Quantum computing for lawyers

Quantum computing for lawyers

quantum computing

In this article we have a look at the essentials of quantum computing for lawyers. We explain what quantum computing is, how it is different from traditional computing, what the benefits and its uses are, and how it is relevant for lawyers.

What is quantum computing?

To explain what quantum computing is, it is probably easier to first explain what a quantum computer is. A quantum computer is a highly advanced computer that makes use of the quantum states of subatomic particles to store information (Bing). Paraphrasing the definition on the Wikipedia, we can define quantum computing as a type of computation that harnesses the collective properties of quantum states of subatomic particles, such as superposition, interference, and entanglement, to perform calculations.

Differences with traditional computing

How are quantum computers different from traditional computers? Traditional computers work with bits, which represent a value of either one or zero. Quantum computers, on the other hand, work with qubits, which are subatomic particles that store data, and which have multiple properties. In classical geometry, a dot has no dimensions. Bits are like zero-dimensional dots, they either are there (true, 1) or they are not (false, 0). Compare that to electrons around nucleus. Just to locate them you need three dimensions. So, the first major difference between classical and quantum computing lies in having three dimensions for the underlying data bits vs having just one on or off state for classical computers. This means that a qubit can store considerably more information than a bit can.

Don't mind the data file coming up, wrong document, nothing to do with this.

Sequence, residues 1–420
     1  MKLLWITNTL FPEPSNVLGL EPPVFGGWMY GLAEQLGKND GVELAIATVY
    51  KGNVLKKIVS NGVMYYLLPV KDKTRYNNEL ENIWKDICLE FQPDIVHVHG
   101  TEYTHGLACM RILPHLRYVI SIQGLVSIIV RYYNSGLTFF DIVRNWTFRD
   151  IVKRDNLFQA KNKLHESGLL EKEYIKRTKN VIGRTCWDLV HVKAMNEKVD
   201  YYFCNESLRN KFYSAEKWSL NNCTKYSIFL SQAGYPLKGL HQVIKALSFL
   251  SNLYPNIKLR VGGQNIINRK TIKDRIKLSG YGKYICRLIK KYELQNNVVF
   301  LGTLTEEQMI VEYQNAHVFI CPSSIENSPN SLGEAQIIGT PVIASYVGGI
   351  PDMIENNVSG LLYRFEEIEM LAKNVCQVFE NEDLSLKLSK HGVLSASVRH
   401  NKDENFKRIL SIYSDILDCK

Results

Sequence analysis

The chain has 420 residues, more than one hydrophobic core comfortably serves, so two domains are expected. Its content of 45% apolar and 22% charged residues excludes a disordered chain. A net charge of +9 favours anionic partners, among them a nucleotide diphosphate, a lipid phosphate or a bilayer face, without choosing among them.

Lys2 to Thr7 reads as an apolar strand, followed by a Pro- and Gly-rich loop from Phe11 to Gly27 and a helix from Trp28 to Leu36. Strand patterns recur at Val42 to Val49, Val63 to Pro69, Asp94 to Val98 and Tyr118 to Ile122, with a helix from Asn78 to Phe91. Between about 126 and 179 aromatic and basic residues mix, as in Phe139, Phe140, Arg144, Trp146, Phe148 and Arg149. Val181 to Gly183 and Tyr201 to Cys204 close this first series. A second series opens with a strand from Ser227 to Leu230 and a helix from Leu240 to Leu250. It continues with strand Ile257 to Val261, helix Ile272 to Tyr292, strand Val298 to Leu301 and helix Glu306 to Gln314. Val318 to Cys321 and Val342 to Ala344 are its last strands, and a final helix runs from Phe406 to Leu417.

A second difference has to do with the interaction between bits. Bits have a logical value of false or true, which means their interactions are dominated by traditional Boolean logical operators: NOT, AND, and OR. Interactions between electrons are far more complex. Here you also have to take phenomena into consideration like superposition, entanglement, and interference. This implies not only that they can integrate far more information but also are capable of far more complex calculations.

The third and final major difference between classical and quantum computing has to do with their efficiency. In essence, every action a traditional computer takes consists of very fast sequences of switching an electric current on and off. This is a one-directional process that is not reversible, and it produces heat. Quantum operators on the other hand are bi-directional, which means actions can be undone, and the original state of the electron can be reinstated This implies they have more processing information per operation, which in turn translates into being able to operate faster, and without necessarily producing the heat that traditional computers generate.

What this all means is that quantum computers will be millions of times more powerful than today’s most powerful computers.